The impact of coronavirus (COVID-19) on pension scheme trustees, sponsors and members is already being felt.
In this time of uncertainty and upheaval, we have identified critical steps that trustees and employers can take now to help ensure the continued day-to-day operation of their pension schemes.
We also highlight some wider issues arising for pension schemes as a result of the sweeping effects of coronavirus on public health and the economy.
Trustee contingency planning
As an immediate step, all trustees of pension schemes should be putting in place a business continuity policy, or reviewing their existing one. The policy should set out how decisions and actions are to be taken by trustees during this period and contain information about any contingency arrangements in place.
A robust policy will address a range of legal and practical issues, including:
- options for taking time-critical decisions if the trustee board falls below its quorum;
- the appointment of an alternative chair;
- confirming whether the scheme’s rules permit virtual board meetings;
- delegation of key functions; and
- contingency plans for advisers, service providers and professional trustees.
This will become a vital reference document for trustees and advisers as the situation develops, and will ensure decisions can be taken quickly and effectively.
Scheme funding and covenant
In light of the volatility in the financial markets, trustees should be taking urgent action to assess the impact on their scheme’s funding, investments and employer covenant. This may include:
- engaging with investment and actuarial advisers and exploring whether any protective measures can be taken;
- working with employers to understand the impact on their business, including their ability to meet regular contribution obligations;
- considering the position of the scheme on employer insolvency and reviewing security arrangements; and
- reviewing contractual buy-in or buy-out documentation. Insurers could have the ability to adjust price or even withdraw from the contract entirely in extreme circumstances. Capital adequacy and insurer covenant could also cause concern for trustees.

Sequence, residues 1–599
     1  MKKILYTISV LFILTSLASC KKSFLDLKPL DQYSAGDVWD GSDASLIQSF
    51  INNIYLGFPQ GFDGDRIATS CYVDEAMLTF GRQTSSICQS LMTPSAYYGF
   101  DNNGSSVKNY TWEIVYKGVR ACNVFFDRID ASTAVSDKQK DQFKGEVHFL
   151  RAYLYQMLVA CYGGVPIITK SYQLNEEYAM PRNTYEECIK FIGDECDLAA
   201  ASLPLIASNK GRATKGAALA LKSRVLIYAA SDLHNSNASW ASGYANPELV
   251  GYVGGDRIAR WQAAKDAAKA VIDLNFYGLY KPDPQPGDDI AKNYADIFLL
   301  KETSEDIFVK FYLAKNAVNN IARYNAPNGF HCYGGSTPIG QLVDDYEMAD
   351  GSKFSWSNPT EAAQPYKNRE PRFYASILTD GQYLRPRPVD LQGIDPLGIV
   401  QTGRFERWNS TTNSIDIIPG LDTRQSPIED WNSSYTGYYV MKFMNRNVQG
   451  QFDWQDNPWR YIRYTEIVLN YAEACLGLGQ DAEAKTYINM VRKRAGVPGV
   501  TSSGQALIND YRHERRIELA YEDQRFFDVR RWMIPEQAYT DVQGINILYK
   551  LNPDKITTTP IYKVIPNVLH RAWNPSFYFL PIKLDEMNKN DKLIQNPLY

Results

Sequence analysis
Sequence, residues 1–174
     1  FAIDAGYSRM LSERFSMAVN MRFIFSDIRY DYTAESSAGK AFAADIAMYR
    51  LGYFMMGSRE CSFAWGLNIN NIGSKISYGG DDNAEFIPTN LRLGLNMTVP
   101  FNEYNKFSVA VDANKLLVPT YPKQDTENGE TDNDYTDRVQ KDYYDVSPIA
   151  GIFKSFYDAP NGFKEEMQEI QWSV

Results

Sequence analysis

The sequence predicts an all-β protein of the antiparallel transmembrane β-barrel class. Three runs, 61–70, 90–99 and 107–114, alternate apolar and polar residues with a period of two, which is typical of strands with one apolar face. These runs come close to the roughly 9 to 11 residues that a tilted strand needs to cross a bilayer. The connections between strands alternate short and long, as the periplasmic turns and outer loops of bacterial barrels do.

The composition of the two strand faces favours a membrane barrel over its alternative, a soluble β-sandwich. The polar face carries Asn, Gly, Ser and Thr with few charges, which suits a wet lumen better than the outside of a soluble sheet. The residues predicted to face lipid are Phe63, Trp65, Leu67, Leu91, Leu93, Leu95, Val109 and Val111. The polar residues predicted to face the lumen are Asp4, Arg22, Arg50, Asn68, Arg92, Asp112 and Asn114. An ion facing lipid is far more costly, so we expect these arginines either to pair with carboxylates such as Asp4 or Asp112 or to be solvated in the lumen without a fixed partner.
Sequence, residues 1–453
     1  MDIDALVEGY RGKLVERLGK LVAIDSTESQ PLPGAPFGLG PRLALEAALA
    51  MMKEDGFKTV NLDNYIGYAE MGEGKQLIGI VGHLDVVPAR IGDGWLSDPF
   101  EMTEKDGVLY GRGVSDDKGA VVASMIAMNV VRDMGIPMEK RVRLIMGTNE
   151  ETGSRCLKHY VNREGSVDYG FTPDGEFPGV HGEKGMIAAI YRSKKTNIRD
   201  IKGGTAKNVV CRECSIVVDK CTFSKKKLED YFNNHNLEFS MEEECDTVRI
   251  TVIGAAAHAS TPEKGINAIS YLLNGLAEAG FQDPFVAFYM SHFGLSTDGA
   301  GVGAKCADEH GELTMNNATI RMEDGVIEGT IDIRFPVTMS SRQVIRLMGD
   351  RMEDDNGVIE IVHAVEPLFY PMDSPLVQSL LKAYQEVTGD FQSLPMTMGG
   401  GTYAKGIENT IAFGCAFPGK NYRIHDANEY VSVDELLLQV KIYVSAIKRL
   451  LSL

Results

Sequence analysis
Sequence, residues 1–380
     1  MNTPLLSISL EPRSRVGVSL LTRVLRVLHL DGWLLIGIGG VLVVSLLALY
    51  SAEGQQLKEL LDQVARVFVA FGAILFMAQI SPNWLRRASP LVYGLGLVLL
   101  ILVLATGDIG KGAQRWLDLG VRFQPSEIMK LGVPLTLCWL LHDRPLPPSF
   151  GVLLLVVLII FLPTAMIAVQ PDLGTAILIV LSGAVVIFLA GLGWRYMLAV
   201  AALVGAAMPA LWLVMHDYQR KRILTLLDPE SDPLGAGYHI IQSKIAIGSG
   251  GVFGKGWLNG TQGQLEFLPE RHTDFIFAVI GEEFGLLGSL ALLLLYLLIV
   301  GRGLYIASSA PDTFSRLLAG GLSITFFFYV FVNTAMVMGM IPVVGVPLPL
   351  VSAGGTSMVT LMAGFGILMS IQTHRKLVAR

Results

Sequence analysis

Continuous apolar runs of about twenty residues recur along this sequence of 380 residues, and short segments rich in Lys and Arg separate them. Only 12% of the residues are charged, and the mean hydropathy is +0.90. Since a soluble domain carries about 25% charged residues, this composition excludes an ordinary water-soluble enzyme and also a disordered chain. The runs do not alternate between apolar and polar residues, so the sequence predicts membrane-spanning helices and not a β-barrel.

Members will understandably be concerned about their pensions, particularly those who are making important financial decisions or experiencing significant life events, such as retirement or bereavement. If member enquiries increase in volume at a time when there is significant strain on capacity, trustees and administrators will need to prioritise and consider the best means of communicating with members when traditional methods may be unavailable. A pre-emptive communication to members, highlighting the steps being taken by trustees, would offer reassurance to members and ease the pressure on points of contact.
Trustees may see more transfer requests as the value of liabilities rises sharply. A significant increase in scams has also been reported, with members concerned about their financial security being targeted, so trustees must remain vigilant.
Many businesses in the UK are under extreme pressure. Employers may wish to explore options for deferring or suspending pension contributions. Their ability to do so will depend on each scheme’s trust deed and rules, and the degree of flexibility in the current recovery plan. Early and open communication with trustees will be essential.
The Pensions Regulator has acknowledged the strain on employers and said it will take “a proportionate and risk-based approach” towards enforcement. What this will mean in practice for individual schemes remains to be seen. TPR’s ability to balance the protection of members (and the PPF) while supporting the sustainability of sponsors is likely to be tested in the coming months.
Kirsty Headden is a senior associate in Shepherd and Wedderburn’s pensions team. For more information, contact Kirsty on 0131 473 5685 or at email@example.com.